Travel logs can be quite entertaining, but when they were written long ago, one not only gets a glimpse of the visited world, but one gets a glimpse of the traveler's world. This is certainly true of The Queen's Empire by Joseph Moore. Moore opens his narrative by telling us how he indignantly protested the lack of adequate food service on a slow train trip in Colorado. The vignette sets the stage for reading the account of a haughty American traveler, making his way from London to Ceylon (present day Sri Lanka.) Along the way we see his racism, classism, and ethnocentrism, along with a healthy dose of anglophilia. It's a stark reminder of the attitudes current in the privileged classes in late 19th century America.
Nonetheless, Moore gives a fascinating account of his travels in Italy, Egypt, India, and Ceylon, especially the latter two countries. His travels in India take him from Bombay to Dehli, and across the country to Calcutta. He gives lucid accounts of the people and sights along the way, including the Taj Mahal, temples, and a British fort. From Calcutta, he travels north to Darjeeling and the Himalayas where he spends a week at the foot of Kanchinjanga, the world's second highest mountain. Finally, he travels by steamer down the eastern coast of India, stopping at Madras and continuing to Ceylon.
Throughout the account, Moore gives special attention to the religious views, rites, and customs he encounters, particularly those of Zoroastrianism, Hinduism, and Buddhism. Perhaps his most vivid writing comes at the very end of the book, where he describes the capture of wild elephants in Ceylon. The captors (with the cooperation of tame elephants) patiently herd the elephants to an encloser where two ropes are tied around their back legs. In time, they are chained to a tame elephant and taken away for sale.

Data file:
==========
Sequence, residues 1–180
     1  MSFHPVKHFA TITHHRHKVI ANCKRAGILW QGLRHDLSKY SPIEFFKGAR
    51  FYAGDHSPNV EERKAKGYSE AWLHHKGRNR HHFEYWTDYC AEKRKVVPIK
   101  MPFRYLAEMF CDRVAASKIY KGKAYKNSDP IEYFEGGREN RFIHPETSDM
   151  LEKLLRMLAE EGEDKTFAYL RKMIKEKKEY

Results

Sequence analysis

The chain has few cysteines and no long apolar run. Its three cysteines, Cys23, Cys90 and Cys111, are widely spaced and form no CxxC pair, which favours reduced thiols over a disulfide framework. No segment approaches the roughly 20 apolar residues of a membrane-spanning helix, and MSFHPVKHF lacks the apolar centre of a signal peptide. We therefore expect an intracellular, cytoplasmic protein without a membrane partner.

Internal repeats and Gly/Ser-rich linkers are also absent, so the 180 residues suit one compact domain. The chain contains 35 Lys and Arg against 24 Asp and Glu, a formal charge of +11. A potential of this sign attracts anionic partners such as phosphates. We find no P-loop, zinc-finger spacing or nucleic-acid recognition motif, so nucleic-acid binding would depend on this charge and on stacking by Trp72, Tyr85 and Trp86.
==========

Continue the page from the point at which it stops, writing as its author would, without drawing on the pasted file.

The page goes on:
In the process, Moore describes the death of one man and two elephants. The man, of course, is crushed by an angry elephant. Of the elephants, one received a mortal wound from a rifle. Here is Moore's description of the death of the other: the elephant "writhed, screamed, tore at the foliage, pawed the earth, tossed clouds of dust over her back, flung her trunk about fiercely, and planted her head upon the ground for leverage to rend asunder the bonds. At length she fell, in exhaustion, anguish, and despair, and lay motionless and resigned. The natives well knew that these symptoms forebode the loss of their prize. She panted for an hour or more, sighed deeply, and died--of 'broken heart.'"
Moore's engaging prose is accompanied by drawings and photographs on 52 plates and a fine foldout map of India and Ceylon.